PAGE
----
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  • FIRST POST
    • Ashingtonian
    • By Ashingtonian 6th Jan 18, 5:51 PM
    • 135Posts
    • 102Thanks
    Ashingtonian
    Is the state pension really that bad?
    • #1
    • 6th Jan 18, 5:51 PM
    Is the state pension really that bad? 6th Jan 18 at 5:51 PM
    If I were to retire tomorrow I would get £690 month.

    Assuming my home would be paid off and I won't want or need to run a car, based to today's prices my monthly outgoings would be as follows:

    Groceries - 150
    Council Tax - 90
    Gas/Elec -40
    Phones/Internet - 40
    Water/TVL - 30
    Entertainment - 100
    Clothes - 20
    Emergency fund - 100
    Insurances - 20
    Xmas/Birthdays - 50

    In total £640. And I think I have been fairly generous in regards to groceries, entertainment and emergency fund, which should cover all miscellaneous spending. Obviously there would be no fancy foreign holidays or going out on the drink every night, but its certainly by no means an austerity lifestyle.

    I will have a small work pension that should add a couple of hundred a month into my pot but even without that I doubt I would starve or go without on anything fancy. Opinions?
    Current MFD 1st July 2026

    Target MFD 1st April 2023
Page 2
    • DancingBadger
    • By DancingBadger 6th Jan 18, 10:57 PM
    • 148 Posts
    • 123 Thanks
    DancingBadger
    Ha, yes. What is it about women that make them want to turn the heating on full blast and open windows?
    Originally posted by EdGasketTheSecond
    My ears are burning...
    • Mutton Geoff
    • By Mutton Geoff 6th Jan 18, 11:05 PM
    • 1,032 Posts
    • 1,107 Thanks
    Mutton Geoff
    Are there any girls/women in your household.

    My girlfriend thinks she cold die from the cold at my house. At her house, it's so hot I feel like I could die from heat exhaustion. My sister has the heating turned up so high that you can't move without breaking into a sweat.
    Originally posted by TheShape
    Recent Daily Mash article - Women forced to attend thermostat awareness course.
    Compensations/Refunds from Banks & Institutions - £4,165 | Stooz Profits - £7,636 | Quidco - £4,014

    All with a big thank you to Martin and MSE.com from Mutton Geoff!
    • enthusiasticsaver
    • By enthusiasticsaver 6th Jan 18, 11:11 PM
    • 5,204 Posts
    • 9,911 Thanks
    enthusiasticsaver
    Our gas and electric is more than double that but I suppose yes it would cover the basics. No money for holidays though and we still run 2 cars even though retired. Also maintenance on the house unless that is supposed to come from emergency fund.
    Debt free and mortgage free and early retiree. Living the dream

    I'm a Board Guide on the Debt-Free Wannabe, Mortgages, Banking and Budgeting boards. I volunteer to help get your forum questions answered and keep the forum running smoothly. Any views are mine and not the official line of moneysavingexpert.com. Pease remember, board guides don't read every post. If you spot an illegal or inappropriate post then please report it to forumteam@moneysavingexpert.com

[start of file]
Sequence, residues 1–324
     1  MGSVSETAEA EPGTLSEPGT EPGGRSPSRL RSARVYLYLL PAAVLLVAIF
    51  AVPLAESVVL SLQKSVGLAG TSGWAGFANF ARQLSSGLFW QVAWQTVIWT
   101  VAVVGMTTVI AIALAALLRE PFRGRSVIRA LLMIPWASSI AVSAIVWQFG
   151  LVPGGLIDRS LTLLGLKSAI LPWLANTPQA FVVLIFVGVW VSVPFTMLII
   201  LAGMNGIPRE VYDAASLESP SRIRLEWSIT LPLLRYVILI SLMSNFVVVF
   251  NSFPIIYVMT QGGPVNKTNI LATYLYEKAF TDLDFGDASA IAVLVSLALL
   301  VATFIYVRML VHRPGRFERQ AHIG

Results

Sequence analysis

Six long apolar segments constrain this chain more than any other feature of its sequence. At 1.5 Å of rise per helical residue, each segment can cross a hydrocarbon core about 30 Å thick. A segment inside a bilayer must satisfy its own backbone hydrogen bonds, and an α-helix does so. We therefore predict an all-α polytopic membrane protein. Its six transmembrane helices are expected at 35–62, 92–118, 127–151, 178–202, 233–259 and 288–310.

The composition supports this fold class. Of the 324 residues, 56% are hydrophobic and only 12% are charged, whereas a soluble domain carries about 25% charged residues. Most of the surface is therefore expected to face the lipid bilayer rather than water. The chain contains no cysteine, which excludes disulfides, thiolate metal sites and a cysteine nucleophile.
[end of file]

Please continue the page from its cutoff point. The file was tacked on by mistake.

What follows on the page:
• janb5
    • By janb5 6th Jan 18, 11:46 PM
    • 1,808 Posts
    • 6,416 Thanks
    janb5
    Are day to day living costs much different in London? If you own your own property so that housing costs are not an issue I don't see why living in London would be much more expensive than anywhere else unless you're spending your time going out in the West End. Public transport is also relatively good in London and free with the Freedom pass from State Pension age.
    Originally posted by TheShape

    Actually thanks to Boris, there is an Oyster 60 pass for all those living in the London boroughs for an initial fee of £10!
    • marlot
    • By marlot 7th Jan 18, 10:53 AM
    • 3,209 Posts
    • 2,336 Thanks
    marlot
    Rather than calculate bottom-up like the OP, I have a spreadsheet which I've downloaded from the bank. It shows all my spending for the last three years.

    I'm expecting to retire this year, and my spending will likely rise in early retirement, before dropping. Finally, it may rise considerably at the end if one of us needs care.
    • GibbsRule No3
    • By GibbsRule No3 7th Jan 18, 10:59 AM
    • 641 Posts
    • 371 Thanks
    GibbsRule No3
    Actually thanks to Boris, there is an Oyster 60 pass for all those living in the London boroughs for an initial fee of £10!
    Originally posted by janb5
    I think it has gone up for the paperwork, possibly £20 now but so worth it. I have had mine for three and a half years and it must have saved me more than £2000 a year, no time limit on the bus use and who wants to use the train before 9.30 except in an emergency trip somewhere? OAPs I know who have the full pass like using their pass on busses outside tfl area but I really only have use within, so am happy, keep waiting for the new mayor to cancel the option though.
    Paddle No 21
    • eagertolearn
    • By eagertolearn 7th Jan 18, 11:01 AM
    • 35 Posts
    • 36 Thanks
    eagertolearn
    My (maximum) state pension would just about cover Council Tax, Energy and insurance bills. Count yourself lucky as you obviously do not live in the south
    • Naf
    • By Naf 7th Jan 18, 11:12 AM
    • 2,987 Posts
    • 2,218 Thanks
    Naf
    I guess to some extent it depends on where you live...I think some in London & SE will struggle but for those up North it's a bit easier to get by and certainly covers the basics.
    Originally posted by BLB53
    So we turn Cumbria into one big old folks home?


    Is that £690 a month the figure from your estimate, if so it's paid every four weeks so you actually get a bit more per month, which is £747
    Originally posted by capital0ne
    I always like to budget four-weekly amounts as monthly, then you get a "free" one every year.


    Ha, yes. What is it about women that make them want to turn the heating on full blast and open windows?
    Originally posted by EdGasketTheSecond
    There's studies that show that women's comfort temperature is higher than men's. Don't you remember that air conditioning is now sexist?
    Never argue with stupid people, they will drag you down to their level and then beat you with experience.
    - Mark Twain
    Arguing with idiots is like playing chess with a pigeon: no matter how good you are at chess, its just going to knock over the pieces and strut around like its victorious.
    • justme111
    • By justme111 7th Jan 18, 11:24 AM
    • 2,906 Posts
    • 2,804 Thanks
    justme111
    Ha, yes. What is it about women that make them want to turn the heating on full blast and open windows?
    Originally posted by EdGasketTheSecond
    wanting fresh air and not being frozen while having it?
    • greatkingrat
    • By greatkingrat 7th Jan 18, 11:39 AM
    • 75 Posts
    • 77 Thanks
    greatkingrat
    Don't forget that if you own your own property, there is always the option of some form of equity release scheme to generate extra income.